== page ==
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hpr2102 :: AngularJS's ng-repeat, and the browser that shall not be named

A method for optimizing the rendering of items when using AngularJS's ng-repeat directive.

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Hosted by Rho`n on 2016-08-23 is flagged as Clean and is released under a CC-BY-SA license.
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Introduction

At my work, we are in the process of revamping our internal call logging system. Moving from .NET and Microsoft’s ASPX pages for both the client side and back end processing, to an HTML5 based Single Page Application (SPA) using AngularJS for the client side interface with a .NET WebAPI service for the back end processing. The main page for both versions contains a list of the current days calls laid out in a table with 9 columns. Users are able to switch to a specific day’s calls by selecting a date via a calendar widget, or by moving one day at a time via previous and next day buttons. By the end of a typical day, the page will contain between 40 and 50 calls.

During recent testing of the SPA client on the proprietary browser we all love to hate, or at least have a love/hate relationship with if you have to support it, I noticed that rendering of a whole days worth of calls would take seconds, freezing the UI completely. This made changing dates painful. As we reload the data any time you re-enter that page (a manual way to poll for new data until we implement either timer based polling or a push service through websockets), the page was almost unusable. The page rendered fine in both Mozilla and webkit based javascript JIT engines, but Microsoft’s engine would choke on it.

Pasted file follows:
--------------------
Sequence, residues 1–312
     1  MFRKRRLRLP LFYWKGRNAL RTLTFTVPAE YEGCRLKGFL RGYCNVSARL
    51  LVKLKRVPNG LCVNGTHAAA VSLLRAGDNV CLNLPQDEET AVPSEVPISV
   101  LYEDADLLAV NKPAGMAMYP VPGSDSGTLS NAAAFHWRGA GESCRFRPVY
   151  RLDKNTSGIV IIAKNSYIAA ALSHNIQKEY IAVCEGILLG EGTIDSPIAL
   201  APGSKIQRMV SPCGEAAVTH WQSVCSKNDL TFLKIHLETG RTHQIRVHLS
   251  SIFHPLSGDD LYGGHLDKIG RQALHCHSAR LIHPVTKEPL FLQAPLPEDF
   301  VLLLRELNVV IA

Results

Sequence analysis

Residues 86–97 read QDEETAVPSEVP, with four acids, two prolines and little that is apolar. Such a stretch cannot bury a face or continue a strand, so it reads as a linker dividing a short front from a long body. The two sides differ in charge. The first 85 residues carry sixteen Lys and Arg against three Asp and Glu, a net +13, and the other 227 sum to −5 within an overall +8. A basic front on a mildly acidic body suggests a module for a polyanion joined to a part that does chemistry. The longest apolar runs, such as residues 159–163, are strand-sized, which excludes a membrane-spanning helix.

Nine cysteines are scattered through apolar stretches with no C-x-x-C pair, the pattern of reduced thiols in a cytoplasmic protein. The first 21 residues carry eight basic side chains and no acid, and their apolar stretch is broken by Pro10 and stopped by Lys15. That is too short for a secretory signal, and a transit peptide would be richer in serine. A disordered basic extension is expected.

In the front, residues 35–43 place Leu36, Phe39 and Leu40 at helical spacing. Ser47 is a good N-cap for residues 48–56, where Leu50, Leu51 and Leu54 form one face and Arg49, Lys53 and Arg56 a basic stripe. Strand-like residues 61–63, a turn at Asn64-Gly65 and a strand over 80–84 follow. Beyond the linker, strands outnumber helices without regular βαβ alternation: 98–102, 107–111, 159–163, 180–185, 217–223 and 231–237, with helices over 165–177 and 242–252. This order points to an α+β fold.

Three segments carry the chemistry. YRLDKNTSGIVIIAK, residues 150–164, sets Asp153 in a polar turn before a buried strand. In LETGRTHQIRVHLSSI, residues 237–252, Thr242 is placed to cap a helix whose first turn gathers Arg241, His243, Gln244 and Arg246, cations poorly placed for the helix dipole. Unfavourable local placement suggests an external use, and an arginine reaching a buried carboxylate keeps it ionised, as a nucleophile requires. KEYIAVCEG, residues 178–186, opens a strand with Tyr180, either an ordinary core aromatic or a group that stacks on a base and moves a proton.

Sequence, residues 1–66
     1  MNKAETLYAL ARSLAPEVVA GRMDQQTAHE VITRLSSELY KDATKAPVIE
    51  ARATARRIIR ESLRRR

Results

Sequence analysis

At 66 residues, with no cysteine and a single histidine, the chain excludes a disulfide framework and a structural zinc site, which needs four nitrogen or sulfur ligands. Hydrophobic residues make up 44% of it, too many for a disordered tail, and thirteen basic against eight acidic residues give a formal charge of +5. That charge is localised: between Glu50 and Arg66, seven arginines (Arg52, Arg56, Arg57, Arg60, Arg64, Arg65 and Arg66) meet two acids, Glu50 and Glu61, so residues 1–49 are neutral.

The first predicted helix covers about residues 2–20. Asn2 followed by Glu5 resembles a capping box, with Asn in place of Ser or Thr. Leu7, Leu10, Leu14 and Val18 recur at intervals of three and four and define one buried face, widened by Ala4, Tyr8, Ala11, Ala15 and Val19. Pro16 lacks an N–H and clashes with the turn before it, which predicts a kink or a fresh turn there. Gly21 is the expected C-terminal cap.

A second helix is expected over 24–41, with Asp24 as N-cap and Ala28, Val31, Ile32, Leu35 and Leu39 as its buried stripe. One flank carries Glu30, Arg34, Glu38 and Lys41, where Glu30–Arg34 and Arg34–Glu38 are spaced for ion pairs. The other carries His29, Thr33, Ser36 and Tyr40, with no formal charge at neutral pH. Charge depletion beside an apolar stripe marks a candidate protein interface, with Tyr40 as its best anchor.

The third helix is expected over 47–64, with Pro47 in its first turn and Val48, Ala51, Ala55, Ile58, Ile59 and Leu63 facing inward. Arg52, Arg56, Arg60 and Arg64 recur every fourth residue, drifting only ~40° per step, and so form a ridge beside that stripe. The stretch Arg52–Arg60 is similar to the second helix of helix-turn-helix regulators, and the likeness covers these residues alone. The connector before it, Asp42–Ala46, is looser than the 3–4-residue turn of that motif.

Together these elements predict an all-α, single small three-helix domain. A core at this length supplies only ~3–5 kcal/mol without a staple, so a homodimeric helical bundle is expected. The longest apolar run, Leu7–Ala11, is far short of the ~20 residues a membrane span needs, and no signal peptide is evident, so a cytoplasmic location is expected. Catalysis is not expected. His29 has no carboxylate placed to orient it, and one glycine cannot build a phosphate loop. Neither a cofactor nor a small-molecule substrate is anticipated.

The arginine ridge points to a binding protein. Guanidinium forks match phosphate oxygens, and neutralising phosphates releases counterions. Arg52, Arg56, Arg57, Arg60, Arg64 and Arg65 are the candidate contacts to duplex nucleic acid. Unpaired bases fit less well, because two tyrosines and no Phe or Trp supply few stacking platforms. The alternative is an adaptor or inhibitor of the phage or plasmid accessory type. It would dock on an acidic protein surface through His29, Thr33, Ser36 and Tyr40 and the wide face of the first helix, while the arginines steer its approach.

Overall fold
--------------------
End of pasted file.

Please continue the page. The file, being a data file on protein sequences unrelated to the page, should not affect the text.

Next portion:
After a bit of searching on “AngularJS slow rendering” and “AngularJS optimize”, I found many references about using Angular’s ng-repeat directive when rendering long lists of data (see references below for the main pages I read). I tried a couple of the methods mentioned to optimize the ng-repeat directive. I used the “track by” feature of ng-repeat to use the call’s id as the internal id of the row, so ng-repeat didn’t have to generate a hashed id for each row. I implemented Angular’s one-time binding feature to reduce the number of watches being created (reducing the test day’s number of watches from 1120 to 596), but even these two combined optimizations didn’t have enough effect to render the page in an acceptable amount of time. The next optimization I played with was using ng-repeat with the limitTo filter. This limits the number of items rendered in the list that ng-repeat is looping through. This is particularly useful combined with paging of the data. I set the limitTo option to different values to see how it affected the rendering time. I found that rendering 5 rows was fast and consistent for every day’s worth of data I viewed. From my reading, I knew if I updated the limitTo amount while keeping the array of items the same, ng-repeat would only render any un-rendered items, and not redo the whole limited list.

The Code

<tr ng-repeat="c in results | limitTo:displayRenderSize">